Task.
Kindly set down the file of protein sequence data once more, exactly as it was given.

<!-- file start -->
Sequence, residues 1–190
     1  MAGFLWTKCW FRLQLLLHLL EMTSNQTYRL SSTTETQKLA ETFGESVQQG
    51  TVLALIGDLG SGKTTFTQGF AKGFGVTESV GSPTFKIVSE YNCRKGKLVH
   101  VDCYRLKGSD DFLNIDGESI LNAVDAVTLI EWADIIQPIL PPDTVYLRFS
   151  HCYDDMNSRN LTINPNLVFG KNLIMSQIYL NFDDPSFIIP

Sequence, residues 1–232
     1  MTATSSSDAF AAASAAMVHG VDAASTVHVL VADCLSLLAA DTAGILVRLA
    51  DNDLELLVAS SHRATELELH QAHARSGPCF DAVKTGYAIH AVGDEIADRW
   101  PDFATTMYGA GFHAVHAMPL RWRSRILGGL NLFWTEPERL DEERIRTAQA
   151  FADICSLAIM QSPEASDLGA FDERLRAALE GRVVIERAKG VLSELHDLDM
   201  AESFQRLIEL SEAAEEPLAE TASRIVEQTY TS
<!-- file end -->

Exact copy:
Sequence, residues 1–190
     1  MAGFLWTKCW FRLQLLLHLL EMTSNQTYRL SSTTETQKLA ETFGESVQQG
    51  TVLALIGDLG SGKTTFTQGF AKGFGVTESV GSPTFKIVSE YNCRKGKLVH
   101  VDCYRLKGSD DFLNIDGESI LNAVDAVTLI EWADIIQPIL PPDTVYLRFS
   151  HCYDDMNSRN LTINPNLVFG KNLIMSQIYL NFDDPSFIIP

Sequence, residues 1–232
     1  MTATSSSDAF AAASAAMVHG VDAASTVHVL VADCLSLLAA DTAGILVRLA
    51  DNDLELLVAS SHRATELELH QAHARSGPCF DAVKTGYAIH AVGDEIADRW
   101  PDFATTMYGA GFHAVHAMPL RWRSRILGGL NLFWTEPERL DEERIRTAQA
   151  FADICSLAIM QSPEASDLGA FDERLRAALE GRVVIERAKG VLSELHDLDM
   201  AESFQRLIEL SEAAEEPLAE TASRIVEQTY TS